DA-PhilRice urges farmers to conserve water

DA-PhilRice urges farmers to conserve water

SCIENCE CITY OF MUÑOZ, Nueva Ecija – Experts from the Department of Agriculture – Philippine Rice Research Institute (DA-PhilRice) have advised farmers to avoid excessive water use. 

Kristine S. Pascual, DA-PhilRice’s senior science research specialist, said Thursday based on studies, it is estimated that 15 million to 20 million hectares of irrigated rice fields in the world would experience water shortage by 2025. 

Pascual noted that 1,400 liters or seven drums of water could be conserved in the production of 1 kg. of rice if water supply in the fields is well-managed.  

“We need 4,000 liters or 20 drums of water to produce 1 kg. of rice. With proper water use, only 2,600 liters or 13 drums will be needed to produce the same amount of rice,” she said in an official social media post. 

To conserve water, farmers are encouraged to use controlled irrigation. 

“During crop growth, farmers should practice alternate wetting and drying aided by observation well if water is insufficient,” Pascual said. 

She said water scarcity is evident if the rice field has deep soil cracks for more than three days.  

Meanwhile, water is excessive if the field is submerged in 5 cm. of water for seven days or more. 

She explained that insufficient water during the vegetative stage causes leaf rolling, leaf-tip drying, and stunted growth in rice crops.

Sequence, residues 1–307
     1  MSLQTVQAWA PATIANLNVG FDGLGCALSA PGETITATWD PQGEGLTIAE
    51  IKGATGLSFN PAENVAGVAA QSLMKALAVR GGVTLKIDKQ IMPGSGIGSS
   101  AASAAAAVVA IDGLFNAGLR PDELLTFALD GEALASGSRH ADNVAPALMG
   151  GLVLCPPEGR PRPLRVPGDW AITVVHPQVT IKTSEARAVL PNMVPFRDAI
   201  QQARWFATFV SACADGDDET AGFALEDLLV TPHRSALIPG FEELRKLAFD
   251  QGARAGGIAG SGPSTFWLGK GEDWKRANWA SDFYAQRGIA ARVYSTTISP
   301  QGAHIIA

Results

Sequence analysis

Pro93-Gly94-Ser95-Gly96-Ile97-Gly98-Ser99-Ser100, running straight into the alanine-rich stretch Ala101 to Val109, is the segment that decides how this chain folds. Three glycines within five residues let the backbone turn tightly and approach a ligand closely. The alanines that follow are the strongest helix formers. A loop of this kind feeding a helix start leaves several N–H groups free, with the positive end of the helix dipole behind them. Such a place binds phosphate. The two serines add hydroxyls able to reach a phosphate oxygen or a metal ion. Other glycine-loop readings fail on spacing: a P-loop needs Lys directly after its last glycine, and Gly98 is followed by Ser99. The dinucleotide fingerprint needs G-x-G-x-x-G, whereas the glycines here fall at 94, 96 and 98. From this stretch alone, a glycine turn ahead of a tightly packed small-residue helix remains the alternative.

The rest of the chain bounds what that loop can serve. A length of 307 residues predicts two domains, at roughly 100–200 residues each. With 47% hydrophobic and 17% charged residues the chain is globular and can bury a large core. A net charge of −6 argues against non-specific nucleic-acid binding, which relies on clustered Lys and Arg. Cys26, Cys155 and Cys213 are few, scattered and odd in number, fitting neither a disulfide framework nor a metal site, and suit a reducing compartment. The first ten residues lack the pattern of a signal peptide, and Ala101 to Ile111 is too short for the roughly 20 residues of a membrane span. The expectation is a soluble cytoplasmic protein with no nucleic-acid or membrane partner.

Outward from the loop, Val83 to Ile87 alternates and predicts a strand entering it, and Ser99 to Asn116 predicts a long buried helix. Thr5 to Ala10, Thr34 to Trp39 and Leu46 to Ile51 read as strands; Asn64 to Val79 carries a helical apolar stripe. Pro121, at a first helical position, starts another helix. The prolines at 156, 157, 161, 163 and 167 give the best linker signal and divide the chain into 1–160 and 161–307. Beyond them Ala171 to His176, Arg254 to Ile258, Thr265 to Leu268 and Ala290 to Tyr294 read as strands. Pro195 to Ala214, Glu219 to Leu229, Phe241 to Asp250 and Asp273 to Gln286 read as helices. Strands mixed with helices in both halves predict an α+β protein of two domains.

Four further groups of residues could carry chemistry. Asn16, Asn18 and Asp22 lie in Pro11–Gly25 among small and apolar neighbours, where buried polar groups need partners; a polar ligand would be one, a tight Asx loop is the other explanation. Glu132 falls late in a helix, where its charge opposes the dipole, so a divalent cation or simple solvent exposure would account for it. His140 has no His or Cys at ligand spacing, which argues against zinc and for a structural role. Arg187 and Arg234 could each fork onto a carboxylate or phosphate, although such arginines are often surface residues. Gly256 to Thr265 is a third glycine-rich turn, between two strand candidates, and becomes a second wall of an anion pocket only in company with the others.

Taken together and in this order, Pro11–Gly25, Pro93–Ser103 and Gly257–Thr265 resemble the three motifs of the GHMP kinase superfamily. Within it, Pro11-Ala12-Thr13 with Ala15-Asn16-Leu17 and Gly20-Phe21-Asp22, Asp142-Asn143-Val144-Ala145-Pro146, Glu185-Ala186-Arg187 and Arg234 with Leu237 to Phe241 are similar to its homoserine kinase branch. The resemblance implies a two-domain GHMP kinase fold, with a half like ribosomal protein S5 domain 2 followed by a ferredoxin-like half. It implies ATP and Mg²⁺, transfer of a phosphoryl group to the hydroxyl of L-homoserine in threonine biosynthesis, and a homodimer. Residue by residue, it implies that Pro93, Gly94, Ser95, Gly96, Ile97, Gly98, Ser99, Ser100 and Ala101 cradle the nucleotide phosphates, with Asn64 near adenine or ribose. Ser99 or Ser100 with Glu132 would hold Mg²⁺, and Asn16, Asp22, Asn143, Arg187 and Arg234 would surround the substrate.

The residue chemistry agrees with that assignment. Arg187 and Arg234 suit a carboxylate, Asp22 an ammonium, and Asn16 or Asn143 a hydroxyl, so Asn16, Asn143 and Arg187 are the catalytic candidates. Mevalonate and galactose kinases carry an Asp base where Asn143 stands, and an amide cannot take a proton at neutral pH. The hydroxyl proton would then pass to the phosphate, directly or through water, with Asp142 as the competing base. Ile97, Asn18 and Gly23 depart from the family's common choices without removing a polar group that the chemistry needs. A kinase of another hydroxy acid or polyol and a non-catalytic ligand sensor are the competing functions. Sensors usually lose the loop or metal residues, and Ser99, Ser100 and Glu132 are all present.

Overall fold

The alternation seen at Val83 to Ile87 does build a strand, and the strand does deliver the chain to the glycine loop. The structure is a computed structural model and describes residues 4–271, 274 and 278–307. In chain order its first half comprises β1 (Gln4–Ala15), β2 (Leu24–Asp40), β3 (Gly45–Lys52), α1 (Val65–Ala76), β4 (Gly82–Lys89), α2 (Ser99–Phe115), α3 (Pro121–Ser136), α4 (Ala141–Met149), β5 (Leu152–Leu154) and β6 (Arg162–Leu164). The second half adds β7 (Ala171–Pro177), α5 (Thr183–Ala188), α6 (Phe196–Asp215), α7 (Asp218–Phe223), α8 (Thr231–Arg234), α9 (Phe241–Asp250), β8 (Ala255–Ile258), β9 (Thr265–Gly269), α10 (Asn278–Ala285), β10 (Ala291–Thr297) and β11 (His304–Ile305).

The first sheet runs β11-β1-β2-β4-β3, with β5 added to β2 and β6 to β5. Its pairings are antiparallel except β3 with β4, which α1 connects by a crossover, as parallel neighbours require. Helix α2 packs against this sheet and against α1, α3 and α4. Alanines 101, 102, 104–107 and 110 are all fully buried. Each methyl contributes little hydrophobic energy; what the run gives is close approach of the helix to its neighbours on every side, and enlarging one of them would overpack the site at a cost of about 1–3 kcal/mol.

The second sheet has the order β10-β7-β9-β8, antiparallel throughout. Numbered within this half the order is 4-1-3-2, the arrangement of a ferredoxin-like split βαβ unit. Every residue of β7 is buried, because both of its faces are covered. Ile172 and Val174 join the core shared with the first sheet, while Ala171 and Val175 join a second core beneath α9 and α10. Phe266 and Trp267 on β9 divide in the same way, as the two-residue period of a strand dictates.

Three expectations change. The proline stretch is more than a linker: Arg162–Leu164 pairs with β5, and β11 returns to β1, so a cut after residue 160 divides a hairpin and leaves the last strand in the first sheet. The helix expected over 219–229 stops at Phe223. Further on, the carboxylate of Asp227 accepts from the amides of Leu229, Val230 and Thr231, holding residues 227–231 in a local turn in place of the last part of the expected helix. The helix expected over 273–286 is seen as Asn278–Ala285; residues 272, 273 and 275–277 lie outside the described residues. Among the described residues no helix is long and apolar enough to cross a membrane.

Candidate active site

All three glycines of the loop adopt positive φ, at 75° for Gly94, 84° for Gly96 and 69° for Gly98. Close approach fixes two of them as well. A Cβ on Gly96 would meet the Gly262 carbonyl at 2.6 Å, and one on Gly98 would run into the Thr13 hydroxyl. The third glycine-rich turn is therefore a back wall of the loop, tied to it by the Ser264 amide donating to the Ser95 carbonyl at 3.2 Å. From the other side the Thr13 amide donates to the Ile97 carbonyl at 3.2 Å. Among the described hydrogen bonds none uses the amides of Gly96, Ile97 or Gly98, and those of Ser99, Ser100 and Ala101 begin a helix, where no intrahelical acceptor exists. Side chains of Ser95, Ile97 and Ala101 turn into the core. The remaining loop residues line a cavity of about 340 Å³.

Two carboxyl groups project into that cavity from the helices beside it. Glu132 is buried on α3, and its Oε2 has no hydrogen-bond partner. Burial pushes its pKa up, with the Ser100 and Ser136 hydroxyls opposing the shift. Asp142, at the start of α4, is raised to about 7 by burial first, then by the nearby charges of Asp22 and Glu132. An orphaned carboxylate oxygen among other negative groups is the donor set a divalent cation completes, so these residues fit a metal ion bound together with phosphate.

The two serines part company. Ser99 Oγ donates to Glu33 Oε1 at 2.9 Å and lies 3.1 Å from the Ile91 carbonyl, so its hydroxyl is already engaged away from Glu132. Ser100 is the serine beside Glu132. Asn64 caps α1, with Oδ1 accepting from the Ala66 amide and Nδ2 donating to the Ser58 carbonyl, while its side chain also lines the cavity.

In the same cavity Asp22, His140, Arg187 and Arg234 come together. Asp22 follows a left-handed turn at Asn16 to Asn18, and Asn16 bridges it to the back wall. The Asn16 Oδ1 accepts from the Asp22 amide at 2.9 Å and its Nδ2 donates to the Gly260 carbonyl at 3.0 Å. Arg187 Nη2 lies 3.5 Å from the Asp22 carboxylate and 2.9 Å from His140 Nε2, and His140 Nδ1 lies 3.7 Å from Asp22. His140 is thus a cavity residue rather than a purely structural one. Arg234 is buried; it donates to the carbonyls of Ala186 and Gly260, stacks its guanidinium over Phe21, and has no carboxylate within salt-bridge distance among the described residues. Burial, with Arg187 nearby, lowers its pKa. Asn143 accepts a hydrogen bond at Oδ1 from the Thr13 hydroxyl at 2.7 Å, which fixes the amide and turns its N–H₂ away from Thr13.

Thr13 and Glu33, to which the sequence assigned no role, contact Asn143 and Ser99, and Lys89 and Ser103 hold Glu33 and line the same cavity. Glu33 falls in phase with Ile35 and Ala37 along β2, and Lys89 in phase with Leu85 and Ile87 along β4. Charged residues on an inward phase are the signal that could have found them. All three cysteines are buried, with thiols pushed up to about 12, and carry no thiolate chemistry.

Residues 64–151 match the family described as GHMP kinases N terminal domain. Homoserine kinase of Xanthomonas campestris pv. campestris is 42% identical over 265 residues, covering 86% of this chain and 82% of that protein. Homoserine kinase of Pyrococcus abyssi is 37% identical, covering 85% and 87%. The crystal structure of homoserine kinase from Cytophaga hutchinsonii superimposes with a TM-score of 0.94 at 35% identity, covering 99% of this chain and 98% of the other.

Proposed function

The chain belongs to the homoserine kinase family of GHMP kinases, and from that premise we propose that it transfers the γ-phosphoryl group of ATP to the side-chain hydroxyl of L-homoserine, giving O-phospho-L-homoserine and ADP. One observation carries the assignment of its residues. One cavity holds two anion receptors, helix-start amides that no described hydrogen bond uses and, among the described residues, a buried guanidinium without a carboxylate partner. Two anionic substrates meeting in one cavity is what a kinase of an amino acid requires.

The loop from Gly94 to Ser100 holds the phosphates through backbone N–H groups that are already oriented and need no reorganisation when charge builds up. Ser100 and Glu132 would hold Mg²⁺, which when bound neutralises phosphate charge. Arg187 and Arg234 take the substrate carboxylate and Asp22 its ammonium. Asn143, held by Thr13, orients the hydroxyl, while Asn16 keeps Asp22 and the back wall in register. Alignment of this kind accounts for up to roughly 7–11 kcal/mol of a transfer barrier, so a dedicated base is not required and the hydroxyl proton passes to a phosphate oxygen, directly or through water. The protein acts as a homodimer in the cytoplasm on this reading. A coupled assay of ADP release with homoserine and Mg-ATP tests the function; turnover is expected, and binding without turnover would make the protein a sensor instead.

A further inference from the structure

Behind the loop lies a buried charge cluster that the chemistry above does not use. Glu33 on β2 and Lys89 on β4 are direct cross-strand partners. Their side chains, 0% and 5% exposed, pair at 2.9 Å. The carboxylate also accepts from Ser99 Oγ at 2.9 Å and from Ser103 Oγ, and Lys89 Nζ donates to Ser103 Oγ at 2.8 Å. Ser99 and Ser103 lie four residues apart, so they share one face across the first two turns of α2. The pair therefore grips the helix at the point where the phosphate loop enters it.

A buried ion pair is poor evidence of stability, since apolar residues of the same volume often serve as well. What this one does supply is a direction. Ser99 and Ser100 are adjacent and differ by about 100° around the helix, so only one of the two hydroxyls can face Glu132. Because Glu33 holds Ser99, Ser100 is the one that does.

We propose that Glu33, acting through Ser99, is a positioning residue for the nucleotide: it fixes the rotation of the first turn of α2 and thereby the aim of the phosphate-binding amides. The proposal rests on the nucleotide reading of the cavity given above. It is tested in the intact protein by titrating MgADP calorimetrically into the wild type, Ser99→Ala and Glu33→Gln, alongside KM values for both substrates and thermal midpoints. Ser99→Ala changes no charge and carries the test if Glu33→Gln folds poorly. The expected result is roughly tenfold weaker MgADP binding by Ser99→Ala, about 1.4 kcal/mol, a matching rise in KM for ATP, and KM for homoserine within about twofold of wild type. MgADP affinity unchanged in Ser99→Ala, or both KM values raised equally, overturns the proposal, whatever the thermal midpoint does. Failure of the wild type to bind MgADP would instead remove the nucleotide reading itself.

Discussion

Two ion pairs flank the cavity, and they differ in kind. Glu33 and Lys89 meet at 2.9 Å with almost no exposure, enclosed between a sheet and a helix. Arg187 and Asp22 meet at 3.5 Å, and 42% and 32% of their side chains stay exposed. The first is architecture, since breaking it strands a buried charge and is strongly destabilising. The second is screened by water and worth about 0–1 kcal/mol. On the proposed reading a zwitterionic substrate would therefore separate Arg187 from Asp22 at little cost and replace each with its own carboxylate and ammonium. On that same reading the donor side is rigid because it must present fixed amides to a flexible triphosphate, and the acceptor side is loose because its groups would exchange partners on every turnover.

During panicle initiation to the grain-filling stage, she said leaf rolling and leaf-tip drying, many unfilled spikelets, and reduced panicle exertion could be observed. 

Excessive water, on the other hand, causes reduced tillering (less than 10 tillers per hill), small leaf area, and dark-colored roots instead of reddish-brown or lighter. 

Pascual said farmers should discontinue some of their current practices to conserve water.  

She said unhelpful routines include rice paddies remaining open during rest period until the first irrigation time, lack of definite schedules or guidelines of irrigation, paddy-to-paddy irrigation and lack of ditches, and continuous flooding of fields throughout the cropping season. 

“If the right amount of water is used in rice fields, high yield, high grain quality, increased input efficiency, and minimal damage to the environment will be achieved,” Pascual said. (PNA) 

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